Cerebral venous infarct related to dural venous sinus thromboses

Case contributed by Bruno Di Muzio


Increased headache and vomiting.

Patient Data

Age: 45
Gender: Female

There is a right posterior temporal lobe parenchymal hemorrhage which measures 18 x 13 x 4 mm with surrounding vasogenic edema. It does not extend to the cortical surface. No other area of parenchymal hemorrhage.

Because of the mixed phase nature of the examination, there is partial visualization of the intracranial venous sinuses.There is an extensive, but incomplete filling defect in the middle third of the superior sagittal sinus, marked irregularity and attenuation of the left transverse sinus and a filling defect extending into the sigmoid sinus towards the jugular bulb. There is also a filling defect in the lateral aspect of the right sigmoid sinus.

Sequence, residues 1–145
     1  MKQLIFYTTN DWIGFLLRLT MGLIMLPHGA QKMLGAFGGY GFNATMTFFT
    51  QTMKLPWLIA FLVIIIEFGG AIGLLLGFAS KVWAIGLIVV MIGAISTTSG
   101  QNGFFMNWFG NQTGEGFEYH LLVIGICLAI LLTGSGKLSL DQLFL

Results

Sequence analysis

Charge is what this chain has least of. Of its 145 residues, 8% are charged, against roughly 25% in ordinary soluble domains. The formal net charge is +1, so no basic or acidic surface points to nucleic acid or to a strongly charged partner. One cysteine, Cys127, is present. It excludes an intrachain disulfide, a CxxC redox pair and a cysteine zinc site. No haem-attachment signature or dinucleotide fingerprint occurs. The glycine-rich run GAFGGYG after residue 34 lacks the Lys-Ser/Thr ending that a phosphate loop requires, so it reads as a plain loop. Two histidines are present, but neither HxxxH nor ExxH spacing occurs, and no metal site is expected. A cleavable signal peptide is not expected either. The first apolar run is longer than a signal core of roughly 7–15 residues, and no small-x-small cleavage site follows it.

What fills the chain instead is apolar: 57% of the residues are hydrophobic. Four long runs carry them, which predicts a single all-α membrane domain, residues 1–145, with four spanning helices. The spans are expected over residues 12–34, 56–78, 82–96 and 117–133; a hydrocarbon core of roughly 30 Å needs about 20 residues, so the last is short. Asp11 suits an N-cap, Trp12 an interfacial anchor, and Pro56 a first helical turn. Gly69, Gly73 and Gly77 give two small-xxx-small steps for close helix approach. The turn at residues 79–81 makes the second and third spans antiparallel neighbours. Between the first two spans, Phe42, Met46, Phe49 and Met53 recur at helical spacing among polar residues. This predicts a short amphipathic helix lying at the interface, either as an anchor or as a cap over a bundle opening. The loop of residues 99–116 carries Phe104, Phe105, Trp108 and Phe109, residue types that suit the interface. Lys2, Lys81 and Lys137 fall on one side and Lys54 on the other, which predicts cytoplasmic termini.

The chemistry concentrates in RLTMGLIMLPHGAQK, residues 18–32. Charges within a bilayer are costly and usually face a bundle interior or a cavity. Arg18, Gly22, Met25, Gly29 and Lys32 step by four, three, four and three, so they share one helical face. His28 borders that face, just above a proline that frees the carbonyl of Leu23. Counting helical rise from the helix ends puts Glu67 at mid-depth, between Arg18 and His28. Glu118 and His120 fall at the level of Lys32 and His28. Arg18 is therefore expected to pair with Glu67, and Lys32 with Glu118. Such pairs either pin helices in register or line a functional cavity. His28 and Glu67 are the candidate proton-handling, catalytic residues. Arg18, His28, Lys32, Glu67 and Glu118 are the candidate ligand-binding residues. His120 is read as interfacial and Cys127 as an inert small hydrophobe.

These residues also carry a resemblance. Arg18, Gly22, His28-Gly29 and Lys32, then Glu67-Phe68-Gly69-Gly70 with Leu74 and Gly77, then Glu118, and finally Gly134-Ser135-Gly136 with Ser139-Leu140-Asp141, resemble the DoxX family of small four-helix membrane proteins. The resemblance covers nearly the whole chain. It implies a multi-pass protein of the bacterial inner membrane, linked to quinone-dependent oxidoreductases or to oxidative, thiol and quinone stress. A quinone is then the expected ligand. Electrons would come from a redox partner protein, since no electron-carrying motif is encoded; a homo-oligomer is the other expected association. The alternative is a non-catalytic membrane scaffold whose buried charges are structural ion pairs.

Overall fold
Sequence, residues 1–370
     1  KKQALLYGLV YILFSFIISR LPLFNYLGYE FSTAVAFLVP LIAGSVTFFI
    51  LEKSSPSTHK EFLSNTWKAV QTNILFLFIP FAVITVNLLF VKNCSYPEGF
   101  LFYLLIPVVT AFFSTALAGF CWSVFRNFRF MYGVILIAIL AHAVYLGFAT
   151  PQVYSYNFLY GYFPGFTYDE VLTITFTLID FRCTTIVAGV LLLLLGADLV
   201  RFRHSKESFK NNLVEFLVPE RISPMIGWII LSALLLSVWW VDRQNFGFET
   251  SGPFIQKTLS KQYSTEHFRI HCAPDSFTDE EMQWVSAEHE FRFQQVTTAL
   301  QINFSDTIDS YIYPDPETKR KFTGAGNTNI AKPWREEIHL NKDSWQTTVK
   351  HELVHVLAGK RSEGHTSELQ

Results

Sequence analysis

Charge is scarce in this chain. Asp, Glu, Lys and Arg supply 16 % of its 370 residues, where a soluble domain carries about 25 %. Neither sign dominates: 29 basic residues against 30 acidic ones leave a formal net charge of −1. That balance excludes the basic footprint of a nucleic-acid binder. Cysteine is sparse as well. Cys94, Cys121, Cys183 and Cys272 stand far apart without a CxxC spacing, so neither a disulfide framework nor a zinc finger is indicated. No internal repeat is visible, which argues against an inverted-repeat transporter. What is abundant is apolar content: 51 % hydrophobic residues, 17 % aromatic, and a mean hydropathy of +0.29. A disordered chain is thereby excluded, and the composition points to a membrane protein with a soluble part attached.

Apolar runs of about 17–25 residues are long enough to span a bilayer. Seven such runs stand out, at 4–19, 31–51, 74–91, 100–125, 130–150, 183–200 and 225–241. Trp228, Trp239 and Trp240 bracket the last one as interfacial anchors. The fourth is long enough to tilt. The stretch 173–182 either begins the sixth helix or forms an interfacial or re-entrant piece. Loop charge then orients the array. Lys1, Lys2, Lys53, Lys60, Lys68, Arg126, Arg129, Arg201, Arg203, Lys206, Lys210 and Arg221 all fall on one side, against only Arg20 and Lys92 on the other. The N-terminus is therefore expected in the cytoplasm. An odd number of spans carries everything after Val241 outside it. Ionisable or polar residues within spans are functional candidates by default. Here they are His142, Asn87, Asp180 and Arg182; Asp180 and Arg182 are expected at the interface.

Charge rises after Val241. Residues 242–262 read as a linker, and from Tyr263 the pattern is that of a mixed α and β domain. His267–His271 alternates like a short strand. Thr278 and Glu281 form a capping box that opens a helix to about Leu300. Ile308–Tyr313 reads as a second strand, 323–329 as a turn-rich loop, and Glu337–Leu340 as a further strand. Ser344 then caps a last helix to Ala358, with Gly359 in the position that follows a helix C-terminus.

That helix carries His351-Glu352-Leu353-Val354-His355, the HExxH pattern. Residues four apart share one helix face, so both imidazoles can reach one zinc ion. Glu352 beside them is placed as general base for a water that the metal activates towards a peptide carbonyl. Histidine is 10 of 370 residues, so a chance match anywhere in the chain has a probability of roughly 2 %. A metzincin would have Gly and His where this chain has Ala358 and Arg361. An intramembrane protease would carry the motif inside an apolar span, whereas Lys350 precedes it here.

Comparison is made with the previous CT brain. There is an increase in the extension of right temporal intraparenchymal hemorrhage with associated surrounding vasogenic edema, which approximately measures 4.6 x 6.8 x 3.4 cm. Tiny amount of intraventricular hemorrhage in the left occipital horn.

There is mass-effect with ongoing effacement of the right lateral ventricle and midline shift of 9 mm. No significant uncal herniation and no tonsillar herniation.

Case Discussion

Dural venous sinus thrombosis can cause a cerebral venous infarction, which is usually characterized by a cortical or peripheral heterogeneous and gyriform hemorrhage.

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